ANALYSIS: Geothermal Relocations Taking Millions From Fund (Part 1 of 2)
A program initiated in the 1980s to aid the relocation of residents affected by the construction of a geothermal power plant in Puna could be drifting away from its original intent, according to sources within the county government.
Back in 1995, the Hawaii County Council amended the county code to allocate the county’s share of geothermal royalties paid by Puna Geothermal Venture toward a “Geothermal Relocation Fund.”
More changes were made about a decade later that changed the name of the fund to the Geothermal Relocation and Community Benefits Fund and its function to allow any royalties not used for relocations to be deployed for community benefits in the Puna district.
How the relocations were handled was left almost entirely up to the county Planning Department, which was expected to draft a set of rules for the program.
The council’s sole requirement? That the county would only be allowed to purchase homes at up to 130% of tax-assessed value.
In the original rules drawn up by the planning department, a priority was given to homes built or permitted before the power plant’s construction in 1989 and located within one mile of it.
Prior to 2012, the few relocations the county approved fit that “priority” description, and millions of dollars were left over in the fund, eventually spent on various improvements in the Puna district.
But a surge in applications since 2010 has been followed by a major shift in how geothermal royalties have been spent. According to documents obtained from the planning department:
- Between 1998 and 2012, the county approved and purchased 6 homes at a total cost of $698,466. All 6 of these homes were built prior to the construction of the power plant, and within one mile of its location.
- Prior to 2012, a total of $3,338,406 was spent on community benefits for the Puna district. Among those benefits were $700,000 for the Pahoa Transfer Station, $800,000 for road repaving, and $380,000 for the purchase of a Hele-On Bus to service the Pahoa area.
- Since 2012, the county has designated 25 homes for purchase, at a tentative total cost of $5,437,649 (there is currently not enough money in the fund to cover those purchases, and details of some of them still must be worked out). Of these, 24 were built after the power plant’s construction, though all are located within one mile of PGV.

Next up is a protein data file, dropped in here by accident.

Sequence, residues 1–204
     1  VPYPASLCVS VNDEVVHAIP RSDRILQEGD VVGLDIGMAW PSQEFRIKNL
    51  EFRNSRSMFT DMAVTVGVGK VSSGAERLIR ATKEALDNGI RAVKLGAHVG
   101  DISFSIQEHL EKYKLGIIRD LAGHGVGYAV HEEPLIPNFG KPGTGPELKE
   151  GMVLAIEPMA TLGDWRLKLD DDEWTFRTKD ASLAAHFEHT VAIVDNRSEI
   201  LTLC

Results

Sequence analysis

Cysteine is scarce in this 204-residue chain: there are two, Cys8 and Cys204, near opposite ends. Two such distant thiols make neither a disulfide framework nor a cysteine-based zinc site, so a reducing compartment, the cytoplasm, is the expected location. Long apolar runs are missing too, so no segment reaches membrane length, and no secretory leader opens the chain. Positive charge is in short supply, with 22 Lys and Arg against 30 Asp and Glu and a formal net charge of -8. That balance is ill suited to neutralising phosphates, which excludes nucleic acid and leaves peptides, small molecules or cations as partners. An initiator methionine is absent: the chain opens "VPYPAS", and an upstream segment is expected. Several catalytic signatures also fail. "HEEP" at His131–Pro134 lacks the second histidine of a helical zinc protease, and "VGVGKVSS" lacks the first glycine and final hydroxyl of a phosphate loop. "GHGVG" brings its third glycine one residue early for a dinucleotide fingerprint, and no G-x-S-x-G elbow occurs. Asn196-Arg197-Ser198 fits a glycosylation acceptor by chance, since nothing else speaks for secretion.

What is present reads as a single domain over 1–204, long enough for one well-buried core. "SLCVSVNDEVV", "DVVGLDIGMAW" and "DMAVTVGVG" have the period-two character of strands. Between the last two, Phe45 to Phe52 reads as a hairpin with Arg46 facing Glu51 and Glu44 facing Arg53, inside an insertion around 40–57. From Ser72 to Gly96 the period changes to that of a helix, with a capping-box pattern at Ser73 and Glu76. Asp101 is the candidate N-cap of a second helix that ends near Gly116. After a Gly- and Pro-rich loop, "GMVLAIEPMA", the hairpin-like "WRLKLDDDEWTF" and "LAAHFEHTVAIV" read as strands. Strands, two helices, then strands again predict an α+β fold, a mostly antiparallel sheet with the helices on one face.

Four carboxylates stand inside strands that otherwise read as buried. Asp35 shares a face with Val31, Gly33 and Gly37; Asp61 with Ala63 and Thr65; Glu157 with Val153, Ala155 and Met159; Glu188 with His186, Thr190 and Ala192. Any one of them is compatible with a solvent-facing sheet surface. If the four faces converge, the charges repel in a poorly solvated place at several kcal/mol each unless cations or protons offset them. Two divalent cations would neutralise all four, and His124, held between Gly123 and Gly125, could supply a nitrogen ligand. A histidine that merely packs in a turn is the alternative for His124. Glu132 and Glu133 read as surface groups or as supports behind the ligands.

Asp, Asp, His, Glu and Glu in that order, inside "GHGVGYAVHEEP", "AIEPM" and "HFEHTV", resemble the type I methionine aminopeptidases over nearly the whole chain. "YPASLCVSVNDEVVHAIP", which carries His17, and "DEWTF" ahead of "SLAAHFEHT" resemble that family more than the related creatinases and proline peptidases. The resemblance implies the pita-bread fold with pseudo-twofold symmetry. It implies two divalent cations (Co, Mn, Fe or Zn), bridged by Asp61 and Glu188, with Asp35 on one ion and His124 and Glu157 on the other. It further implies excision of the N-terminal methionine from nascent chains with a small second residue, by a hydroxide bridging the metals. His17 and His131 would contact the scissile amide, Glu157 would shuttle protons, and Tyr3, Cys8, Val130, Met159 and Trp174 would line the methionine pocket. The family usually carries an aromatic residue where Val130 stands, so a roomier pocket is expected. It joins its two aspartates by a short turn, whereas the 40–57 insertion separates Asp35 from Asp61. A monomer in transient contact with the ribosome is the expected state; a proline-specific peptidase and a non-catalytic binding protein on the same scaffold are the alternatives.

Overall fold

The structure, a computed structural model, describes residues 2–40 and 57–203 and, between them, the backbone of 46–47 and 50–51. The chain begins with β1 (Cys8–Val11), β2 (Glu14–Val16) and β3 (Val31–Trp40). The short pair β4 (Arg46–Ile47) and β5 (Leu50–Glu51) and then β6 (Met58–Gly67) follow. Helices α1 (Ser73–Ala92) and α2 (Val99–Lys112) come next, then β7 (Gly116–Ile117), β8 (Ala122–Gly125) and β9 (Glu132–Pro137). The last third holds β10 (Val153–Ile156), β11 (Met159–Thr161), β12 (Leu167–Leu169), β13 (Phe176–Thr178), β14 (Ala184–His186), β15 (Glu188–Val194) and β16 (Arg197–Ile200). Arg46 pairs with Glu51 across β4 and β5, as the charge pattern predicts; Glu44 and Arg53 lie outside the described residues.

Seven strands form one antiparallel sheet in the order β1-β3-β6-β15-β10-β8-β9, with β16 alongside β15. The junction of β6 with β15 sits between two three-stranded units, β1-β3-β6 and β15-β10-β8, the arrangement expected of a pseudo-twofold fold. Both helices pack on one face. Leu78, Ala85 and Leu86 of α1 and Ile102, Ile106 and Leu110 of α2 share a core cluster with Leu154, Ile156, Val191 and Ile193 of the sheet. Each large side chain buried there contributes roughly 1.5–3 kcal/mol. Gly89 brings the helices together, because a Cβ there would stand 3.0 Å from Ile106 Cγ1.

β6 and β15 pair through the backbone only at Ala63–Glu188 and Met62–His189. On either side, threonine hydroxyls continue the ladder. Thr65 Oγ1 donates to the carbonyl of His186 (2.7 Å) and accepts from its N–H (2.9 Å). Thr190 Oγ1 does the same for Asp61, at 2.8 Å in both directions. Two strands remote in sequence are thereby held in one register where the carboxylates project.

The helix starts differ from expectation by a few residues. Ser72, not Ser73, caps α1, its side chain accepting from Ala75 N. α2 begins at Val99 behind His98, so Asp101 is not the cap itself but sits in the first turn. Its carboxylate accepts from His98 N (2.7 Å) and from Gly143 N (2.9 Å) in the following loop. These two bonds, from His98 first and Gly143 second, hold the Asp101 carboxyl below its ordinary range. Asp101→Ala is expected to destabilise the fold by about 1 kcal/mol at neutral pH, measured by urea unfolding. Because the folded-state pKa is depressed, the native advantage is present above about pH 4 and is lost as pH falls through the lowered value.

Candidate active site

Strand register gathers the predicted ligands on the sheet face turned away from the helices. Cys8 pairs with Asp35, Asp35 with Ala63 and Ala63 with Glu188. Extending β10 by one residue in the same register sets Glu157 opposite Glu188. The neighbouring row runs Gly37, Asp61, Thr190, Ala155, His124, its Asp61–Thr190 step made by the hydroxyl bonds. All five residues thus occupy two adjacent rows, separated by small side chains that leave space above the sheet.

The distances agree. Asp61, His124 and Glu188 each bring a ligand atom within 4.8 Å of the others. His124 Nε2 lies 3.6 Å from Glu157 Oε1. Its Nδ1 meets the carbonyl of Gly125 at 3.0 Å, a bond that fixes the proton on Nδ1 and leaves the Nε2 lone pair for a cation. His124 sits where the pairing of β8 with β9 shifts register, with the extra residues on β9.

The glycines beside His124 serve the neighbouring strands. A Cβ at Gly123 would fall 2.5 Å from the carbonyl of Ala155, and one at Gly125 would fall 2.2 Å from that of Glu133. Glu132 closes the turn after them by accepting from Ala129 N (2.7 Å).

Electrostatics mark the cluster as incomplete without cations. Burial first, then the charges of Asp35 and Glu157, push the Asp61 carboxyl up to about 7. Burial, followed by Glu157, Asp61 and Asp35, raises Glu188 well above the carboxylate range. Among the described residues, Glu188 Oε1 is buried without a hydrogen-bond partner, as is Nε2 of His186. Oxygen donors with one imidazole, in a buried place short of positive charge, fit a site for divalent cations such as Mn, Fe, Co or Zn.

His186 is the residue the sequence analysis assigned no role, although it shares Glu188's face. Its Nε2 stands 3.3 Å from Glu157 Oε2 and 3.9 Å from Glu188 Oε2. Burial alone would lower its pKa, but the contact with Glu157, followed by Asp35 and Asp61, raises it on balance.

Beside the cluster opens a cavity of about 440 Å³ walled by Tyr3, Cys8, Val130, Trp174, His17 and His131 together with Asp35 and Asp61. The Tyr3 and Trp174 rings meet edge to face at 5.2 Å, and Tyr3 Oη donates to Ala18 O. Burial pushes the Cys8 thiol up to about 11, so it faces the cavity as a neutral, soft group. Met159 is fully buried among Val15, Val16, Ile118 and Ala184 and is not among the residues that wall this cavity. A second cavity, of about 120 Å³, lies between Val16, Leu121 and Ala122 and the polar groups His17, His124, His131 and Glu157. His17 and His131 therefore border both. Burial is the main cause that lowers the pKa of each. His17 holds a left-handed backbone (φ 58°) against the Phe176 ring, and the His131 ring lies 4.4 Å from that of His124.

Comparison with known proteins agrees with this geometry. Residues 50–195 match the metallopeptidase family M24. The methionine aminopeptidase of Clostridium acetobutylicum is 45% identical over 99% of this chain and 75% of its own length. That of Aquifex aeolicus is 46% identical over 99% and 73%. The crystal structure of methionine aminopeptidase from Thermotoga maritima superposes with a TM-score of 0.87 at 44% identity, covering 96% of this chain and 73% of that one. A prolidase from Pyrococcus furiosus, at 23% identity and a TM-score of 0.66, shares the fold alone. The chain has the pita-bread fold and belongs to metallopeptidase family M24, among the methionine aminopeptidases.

- Due to the surge in relocation requests, there are now no funds available for community benefits.
Decoding the Code
It’s worth noting that none of the eight council members who approved the 1995 amendment to the county code are in office today, nor is then-planning director Virginia Goldstein still on the job.
Left to interpret both the council’s amendment and the rules drawn up over 17 years ago has been the job of current planning director, Bobby Jean Leithead-Todd, and her staff.
Editor’s note: Due to a cabinet reshuffle announced this week, Duane Kanuha will be the new director of planning, replacing Leithead-Todd.
Although the application reviews and purchases are handled by multiple people (including county-selected real estate agents) all final purchase decisions and approvals are at the director’s discretion.
According to Leithead-Todd, “22 or 23” of the 25 applications approved in 2012 were filed over a very short period of time in the summer of that year. Reasons for the sudden surge aren’t entirely clear, though publicity surrounding the relocation program spiked during debates over geothermal-related bills introduced by former Councilman Dominic Yagong.
Leithead-Todd explained that the planning department, faced with an unprecedented demand for relocations, turned to its own rules and the county code for guidance.
With the council’s 17-year-old amendment vague, and the department’s own rules only stating a “priority” for homes built or permitted prior to 1989, the director made the decision that the county must approve 25 of the applications, despite all but one being built after the 1989 cutoff.
Editor’s note: 27 applications have been filed in total since 2012. Two were rejected due to their status as vacant land.
As for her own views on the expansion of the relocations, Leithead-Todd explained that she believes the original intent of the program was to help “the people that were already there” prior to the power plant’s construction in 1989, adding “they didn’t sign up for this.”
Next week in Part 2, we’ll examine how (and if) the geothermal relocation program might come to an end.